"I know some people who struggle with same-sex attraction experience the burden being lifted entirely; they’re able to overcome it. That’s not the case for me. I still struggle with emotions or thoughts from time to time, and it takes strength and energy to manage them. I also know people who may not have the blessing of having it somewhat alleviated, as I have. I don’t know why people face challenges—this one or any other—with such different outcomes, but I do know that our God is not a cruel god. And I know that obedience brings peace."
Obedience in the form of avoiding same-sex romance has not brought peace to countless gay Mormons who, unsurprisingly, find celibacy or mixed-orientation relationships anything but peaceful. Would the majority of us (i.e. the straights, myself included) expect to find peace if we avoided all romantic and sexual relationships with a member of the opposite sex?

- repeatedly suggest that dating and marriage can or should be pursued when same-sex attractions are sufficiently diminished (the latter being an independently problematic proposition)
"I hope to one day sufficiently curb my attractions to make the first tenuous steps toward dating" also,
"'Marriage should not be viewed as a therapeutic step to solve problems such as homosexual inclinations or practices, which first should clearly be overcome with a firm and fixed determination never to slip into such practices again.' The ability of individuals with same-sex desires to date and marry depends on their progress made with the Lord’s help in overcoming these attractions—an effort that is neither easy nor quick."

- perpetuates the twin, false/unfounded, and insidious propositions that
(1) sufficient faith and effort has resulted, for many, in overcoming homosexual orientation, and
(2) gay Mormons should focus on the next life, at which point they will be made straight and can then be a spouse in a straight, opposite-sex marriage.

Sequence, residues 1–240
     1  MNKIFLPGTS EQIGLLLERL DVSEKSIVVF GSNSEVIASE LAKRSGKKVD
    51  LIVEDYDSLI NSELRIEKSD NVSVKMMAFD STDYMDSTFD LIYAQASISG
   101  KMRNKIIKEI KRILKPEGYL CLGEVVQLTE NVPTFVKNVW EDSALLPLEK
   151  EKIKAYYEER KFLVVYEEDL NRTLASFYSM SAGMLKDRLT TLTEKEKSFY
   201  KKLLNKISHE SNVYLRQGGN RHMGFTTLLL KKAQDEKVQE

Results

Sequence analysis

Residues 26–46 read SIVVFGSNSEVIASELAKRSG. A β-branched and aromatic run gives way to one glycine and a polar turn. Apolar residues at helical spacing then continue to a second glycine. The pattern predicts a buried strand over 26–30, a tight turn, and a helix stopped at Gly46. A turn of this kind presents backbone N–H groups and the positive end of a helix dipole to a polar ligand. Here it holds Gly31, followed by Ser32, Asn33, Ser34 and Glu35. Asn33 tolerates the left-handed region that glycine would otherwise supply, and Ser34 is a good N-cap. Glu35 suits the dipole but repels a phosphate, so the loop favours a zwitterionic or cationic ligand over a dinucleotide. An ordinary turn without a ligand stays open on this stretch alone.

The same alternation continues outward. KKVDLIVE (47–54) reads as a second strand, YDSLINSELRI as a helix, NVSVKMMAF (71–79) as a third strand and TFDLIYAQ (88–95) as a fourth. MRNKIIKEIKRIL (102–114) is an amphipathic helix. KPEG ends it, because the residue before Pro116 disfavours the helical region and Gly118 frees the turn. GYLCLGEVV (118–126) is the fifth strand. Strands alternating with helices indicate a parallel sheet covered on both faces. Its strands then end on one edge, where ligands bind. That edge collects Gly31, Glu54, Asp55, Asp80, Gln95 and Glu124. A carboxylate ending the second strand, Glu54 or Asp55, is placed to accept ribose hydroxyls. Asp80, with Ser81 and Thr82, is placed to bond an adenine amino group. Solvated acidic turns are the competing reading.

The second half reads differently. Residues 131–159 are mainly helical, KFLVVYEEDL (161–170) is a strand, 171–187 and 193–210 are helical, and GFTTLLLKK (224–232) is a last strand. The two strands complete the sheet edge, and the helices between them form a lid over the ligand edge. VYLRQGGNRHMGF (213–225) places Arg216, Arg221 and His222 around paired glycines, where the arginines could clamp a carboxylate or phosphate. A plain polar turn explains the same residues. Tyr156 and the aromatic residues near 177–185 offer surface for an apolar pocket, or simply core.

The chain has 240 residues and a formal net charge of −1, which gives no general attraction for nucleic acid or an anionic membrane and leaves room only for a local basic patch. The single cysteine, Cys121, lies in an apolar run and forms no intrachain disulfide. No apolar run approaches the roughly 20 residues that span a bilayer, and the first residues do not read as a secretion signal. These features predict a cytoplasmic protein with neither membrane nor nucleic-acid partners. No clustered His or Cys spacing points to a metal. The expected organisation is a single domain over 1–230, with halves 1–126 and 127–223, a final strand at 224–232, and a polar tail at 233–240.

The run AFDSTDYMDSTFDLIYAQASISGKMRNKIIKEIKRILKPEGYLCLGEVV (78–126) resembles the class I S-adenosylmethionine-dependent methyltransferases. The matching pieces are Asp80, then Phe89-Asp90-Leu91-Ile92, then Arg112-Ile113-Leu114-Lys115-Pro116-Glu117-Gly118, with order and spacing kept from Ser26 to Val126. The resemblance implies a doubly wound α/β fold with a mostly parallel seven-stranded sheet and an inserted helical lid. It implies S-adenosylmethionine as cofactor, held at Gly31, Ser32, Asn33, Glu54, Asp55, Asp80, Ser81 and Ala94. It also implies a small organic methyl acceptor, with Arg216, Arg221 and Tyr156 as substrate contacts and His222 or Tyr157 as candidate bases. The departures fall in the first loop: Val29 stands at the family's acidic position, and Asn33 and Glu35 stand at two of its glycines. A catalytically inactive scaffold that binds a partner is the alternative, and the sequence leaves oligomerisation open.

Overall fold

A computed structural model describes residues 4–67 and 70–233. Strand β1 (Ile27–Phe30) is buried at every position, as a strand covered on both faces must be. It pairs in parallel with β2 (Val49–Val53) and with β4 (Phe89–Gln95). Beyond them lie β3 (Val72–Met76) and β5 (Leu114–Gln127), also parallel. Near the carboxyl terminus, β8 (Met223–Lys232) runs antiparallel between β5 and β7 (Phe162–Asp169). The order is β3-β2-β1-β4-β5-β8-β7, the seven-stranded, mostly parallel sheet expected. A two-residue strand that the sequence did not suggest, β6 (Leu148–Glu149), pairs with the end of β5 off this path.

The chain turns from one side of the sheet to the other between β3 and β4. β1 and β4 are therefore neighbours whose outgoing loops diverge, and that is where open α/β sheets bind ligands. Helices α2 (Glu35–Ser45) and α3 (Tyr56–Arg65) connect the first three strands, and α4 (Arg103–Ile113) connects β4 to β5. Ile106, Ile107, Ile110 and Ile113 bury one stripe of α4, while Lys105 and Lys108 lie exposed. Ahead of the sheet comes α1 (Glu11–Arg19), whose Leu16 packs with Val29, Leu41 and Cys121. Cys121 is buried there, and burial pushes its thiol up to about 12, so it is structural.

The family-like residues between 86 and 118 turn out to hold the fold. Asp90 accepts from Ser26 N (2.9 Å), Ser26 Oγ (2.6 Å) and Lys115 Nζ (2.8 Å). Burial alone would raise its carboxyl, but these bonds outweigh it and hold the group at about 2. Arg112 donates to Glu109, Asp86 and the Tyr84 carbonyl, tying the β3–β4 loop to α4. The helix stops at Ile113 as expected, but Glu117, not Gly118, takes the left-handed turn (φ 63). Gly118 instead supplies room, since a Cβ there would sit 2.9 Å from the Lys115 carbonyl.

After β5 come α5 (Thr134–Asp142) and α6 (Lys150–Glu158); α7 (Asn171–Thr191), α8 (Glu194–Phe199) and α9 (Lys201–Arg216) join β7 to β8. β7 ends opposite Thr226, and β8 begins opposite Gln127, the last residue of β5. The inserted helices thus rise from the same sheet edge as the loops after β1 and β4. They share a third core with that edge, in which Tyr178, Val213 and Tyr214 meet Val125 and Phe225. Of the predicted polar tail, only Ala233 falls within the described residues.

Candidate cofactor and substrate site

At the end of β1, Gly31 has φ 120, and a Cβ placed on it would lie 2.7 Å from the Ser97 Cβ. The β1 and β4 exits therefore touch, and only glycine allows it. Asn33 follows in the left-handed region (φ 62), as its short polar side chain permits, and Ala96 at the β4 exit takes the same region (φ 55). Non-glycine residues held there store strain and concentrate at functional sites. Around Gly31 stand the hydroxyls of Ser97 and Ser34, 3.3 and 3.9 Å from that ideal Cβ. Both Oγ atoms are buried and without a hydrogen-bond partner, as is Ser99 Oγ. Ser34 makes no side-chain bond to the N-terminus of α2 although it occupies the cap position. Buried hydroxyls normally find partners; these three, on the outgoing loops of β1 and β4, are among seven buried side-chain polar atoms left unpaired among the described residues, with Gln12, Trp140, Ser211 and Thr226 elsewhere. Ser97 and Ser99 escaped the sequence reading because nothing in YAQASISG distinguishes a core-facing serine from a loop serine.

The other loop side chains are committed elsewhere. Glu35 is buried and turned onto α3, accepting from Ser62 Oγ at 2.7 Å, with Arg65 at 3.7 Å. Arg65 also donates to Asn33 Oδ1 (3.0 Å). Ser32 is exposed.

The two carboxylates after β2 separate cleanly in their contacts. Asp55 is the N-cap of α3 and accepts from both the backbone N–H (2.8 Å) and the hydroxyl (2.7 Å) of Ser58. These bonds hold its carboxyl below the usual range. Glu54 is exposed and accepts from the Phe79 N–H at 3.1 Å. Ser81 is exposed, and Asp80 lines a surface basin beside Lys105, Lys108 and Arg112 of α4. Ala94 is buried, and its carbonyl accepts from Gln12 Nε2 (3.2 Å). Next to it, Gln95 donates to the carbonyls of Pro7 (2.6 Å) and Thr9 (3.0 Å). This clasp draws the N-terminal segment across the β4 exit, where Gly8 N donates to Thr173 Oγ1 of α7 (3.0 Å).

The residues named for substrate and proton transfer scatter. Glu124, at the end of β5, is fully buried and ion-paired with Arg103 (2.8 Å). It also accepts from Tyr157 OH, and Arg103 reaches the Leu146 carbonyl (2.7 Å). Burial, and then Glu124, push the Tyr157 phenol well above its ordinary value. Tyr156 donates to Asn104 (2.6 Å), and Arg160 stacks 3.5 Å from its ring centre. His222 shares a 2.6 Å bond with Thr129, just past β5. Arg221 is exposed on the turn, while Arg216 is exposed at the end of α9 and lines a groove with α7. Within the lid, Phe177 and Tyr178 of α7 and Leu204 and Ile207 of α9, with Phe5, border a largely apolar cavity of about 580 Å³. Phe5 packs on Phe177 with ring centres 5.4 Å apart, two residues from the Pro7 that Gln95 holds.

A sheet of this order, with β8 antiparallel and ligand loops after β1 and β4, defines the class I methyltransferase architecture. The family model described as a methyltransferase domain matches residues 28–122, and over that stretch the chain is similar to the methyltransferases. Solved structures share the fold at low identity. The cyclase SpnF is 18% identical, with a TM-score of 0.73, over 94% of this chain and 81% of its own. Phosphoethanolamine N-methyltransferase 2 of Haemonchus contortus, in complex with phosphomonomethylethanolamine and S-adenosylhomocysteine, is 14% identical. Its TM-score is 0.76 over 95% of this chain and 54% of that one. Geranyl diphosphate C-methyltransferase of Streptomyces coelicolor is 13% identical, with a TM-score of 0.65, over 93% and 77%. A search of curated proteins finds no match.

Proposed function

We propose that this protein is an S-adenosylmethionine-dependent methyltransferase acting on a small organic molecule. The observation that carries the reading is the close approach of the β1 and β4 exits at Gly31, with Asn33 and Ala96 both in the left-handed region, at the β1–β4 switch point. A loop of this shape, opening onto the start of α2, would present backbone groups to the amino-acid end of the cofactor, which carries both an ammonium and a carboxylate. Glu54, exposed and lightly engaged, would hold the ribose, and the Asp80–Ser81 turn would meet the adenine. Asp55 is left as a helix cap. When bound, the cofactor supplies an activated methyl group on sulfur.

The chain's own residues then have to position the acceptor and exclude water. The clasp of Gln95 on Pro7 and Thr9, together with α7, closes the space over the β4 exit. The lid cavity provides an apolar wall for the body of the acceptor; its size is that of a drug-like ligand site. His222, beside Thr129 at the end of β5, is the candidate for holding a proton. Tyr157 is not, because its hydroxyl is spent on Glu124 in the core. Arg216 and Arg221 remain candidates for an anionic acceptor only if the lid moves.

"While many Latter-day Saints, through individual effort, the exercise of faith, and reliance upon the enabling power of the Atonement, overcome same-gender attraction in mortality, others may not be free of this challenge in this life. However, the perfect plan of our Father in Heaven makes provision for individuals who seek to keep His commandments but who, through no fault of their own, do not have an eternal marriage in mortal life. As we follow Heavenly Father’s plan, our bodies, feelings, and desires will be perfected in the next life so that every one of God’s children may find joy in a family consisting of a husband, a wife, and children."

It is difficult to imagine a teaching more conducive to suicidal ideation. Given (1) the centrality of man-woman marriage to God's plan, and (2) the practically non-existent odds of a gay person becoming straight in the next few decades of his/her life, it is unsurprising that a significant proportion of gay Mormons have considered, attempted, or succeeded at killing themselves.

Besides contributing towards the continued push of gay Mormons towards the suicide ledge, I'd say the resource is a step in the right direction.

1 comment:

  1. I've also been tempted to leave feedback on the page. Good thoughts, especially analyzing the problems with the church's statements on Mixed-Orientation Marriage.